Older people's experiences of changed medication appearance: a survey
Williamson, T, Greene, L, Prashar, A and Schafheutle, E 2009, Older people's experiences of changed medication appearance: a survey , Project Report, University of Salford.
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This report details a survey of older people's experiences of changed medication appearance.The aims of the study were: • To develop a questionnaire in partnership with older people to survey older people’s views on fluctuating medication appearance • To elicit older people’s experiences of medication that changed appearance due to ‘generic prescribing’ and ‘parallel import’ practices and its impact on their medication taking practices. These common pharmacy practices mean that the same tablet medication can be issued to older people in different colours, sizes and shapes to their previous prescriptions. Older people from a local User/Carer Forum highlighted these problems to the research team and asked that we investigate to explore the extent of the problem. An eight-item questionnaire was developed and distributed to 2000 older people (50 years+) across participating PCTs in Greater Manchester in 2008. A 29% response rate was achieved. The data was analysed using the SPSS statistical package. Findings include: •63.3% experienced a change in the appearance of their tablet medications. •74.1% did not seek advice regarding the change in the appearance of their tablet medications. •Older people noted changes to the actual tablets, tablet packaging and written information that accompanies tablets. Changes are occurring to the colour, size and shape of tablets more than changes to packaging and written information. The majority of respondents had experienced changes in the appearance of their prescribed tablet medication in the previous two years which were not due to change in medication or dose etc. Worryingly, for some respondents, these changes prompted negative experiences such as anxiety, confusion and upset. Of particular concern was that a small number omitted the affected tablet medications and did not seek help or advice from GPs, pharmacists or relatives. Six older people have been study advisors from inception to dissemination of this study and significantly added to its quality. The study demonstrates substantive public engagement / user involvement in research. The findings suggest nurses and others have a role to play in promoting better medicines management and identifying those most at risk from changed appearance of medications.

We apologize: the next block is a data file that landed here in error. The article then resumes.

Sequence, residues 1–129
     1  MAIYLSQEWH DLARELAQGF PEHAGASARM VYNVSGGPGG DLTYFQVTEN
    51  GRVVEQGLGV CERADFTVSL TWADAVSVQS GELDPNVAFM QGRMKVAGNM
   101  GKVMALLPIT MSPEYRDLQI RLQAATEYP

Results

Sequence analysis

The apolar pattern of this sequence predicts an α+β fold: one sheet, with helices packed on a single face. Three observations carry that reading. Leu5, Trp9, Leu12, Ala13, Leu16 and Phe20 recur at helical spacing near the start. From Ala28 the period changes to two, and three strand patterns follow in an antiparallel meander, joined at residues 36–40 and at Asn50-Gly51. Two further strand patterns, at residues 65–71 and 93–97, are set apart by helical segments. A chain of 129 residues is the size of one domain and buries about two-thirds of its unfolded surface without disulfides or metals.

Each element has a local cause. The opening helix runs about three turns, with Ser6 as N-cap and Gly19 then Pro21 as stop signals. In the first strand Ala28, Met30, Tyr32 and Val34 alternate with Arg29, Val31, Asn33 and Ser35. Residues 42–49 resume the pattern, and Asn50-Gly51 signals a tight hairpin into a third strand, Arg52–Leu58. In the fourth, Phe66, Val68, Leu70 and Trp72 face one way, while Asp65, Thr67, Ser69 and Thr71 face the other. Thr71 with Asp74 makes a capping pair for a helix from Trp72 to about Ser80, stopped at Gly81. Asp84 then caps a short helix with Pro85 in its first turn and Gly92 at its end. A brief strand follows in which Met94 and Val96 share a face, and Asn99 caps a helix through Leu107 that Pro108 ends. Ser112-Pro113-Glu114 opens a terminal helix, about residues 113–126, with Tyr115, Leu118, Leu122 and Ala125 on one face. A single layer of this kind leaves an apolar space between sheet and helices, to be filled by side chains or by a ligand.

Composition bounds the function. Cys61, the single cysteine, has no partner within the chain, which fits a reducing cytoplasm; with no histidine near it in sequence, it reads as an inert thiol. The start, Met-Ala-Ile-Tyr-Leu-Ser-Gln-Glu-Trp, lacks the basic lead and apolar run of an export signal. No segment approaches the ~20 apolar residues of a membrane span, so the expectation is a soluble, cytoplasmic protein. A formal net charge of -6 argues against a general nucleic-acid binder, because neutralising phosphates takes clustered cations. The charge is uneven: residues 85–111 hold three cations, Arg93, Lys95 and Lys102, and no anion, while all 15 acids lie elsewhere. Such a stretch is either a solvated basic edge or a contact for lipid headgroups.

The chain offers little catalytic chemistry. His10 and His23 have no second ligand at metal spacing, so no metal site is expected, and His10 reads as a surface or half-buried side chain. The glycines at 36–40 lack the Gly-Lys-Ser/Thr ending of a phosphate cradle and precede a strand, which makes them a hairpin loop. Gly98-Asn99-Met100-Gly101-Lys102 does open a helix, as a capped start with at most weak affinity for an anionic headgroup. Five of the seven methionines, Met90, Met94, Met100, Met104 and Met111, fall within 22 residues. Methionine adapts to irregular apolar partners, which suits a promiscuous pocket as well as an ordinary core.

|Item Type:||Monograph (Project Report)|
|Uncontrolled Keywords:||older people generic prescribing parallel imports survey public engagement user involvement medications medicines|
|Themes:||Subjects / Themes > R Medicine > RT Nursing|
Health and Wellbeing
|Schools:||Colleges and Schools > College of Health & Social Care > School of Nursing, Midwifery & Social Work > Centre for Nursing & Midwifery Research|
Colleges and Schools > College of Health & Social Care
Colleges and Schools > College of Health & Social Care > School of Nursing, Midwifery & Social Work
|Publisher:||University of Salford|
|Funders:||University of Salford|
|Depositing User:||T Williamson|
|Date Deposited:||08 Feb 2010 14:04|
|Last Modified:||27 Sep 2011 11:41|
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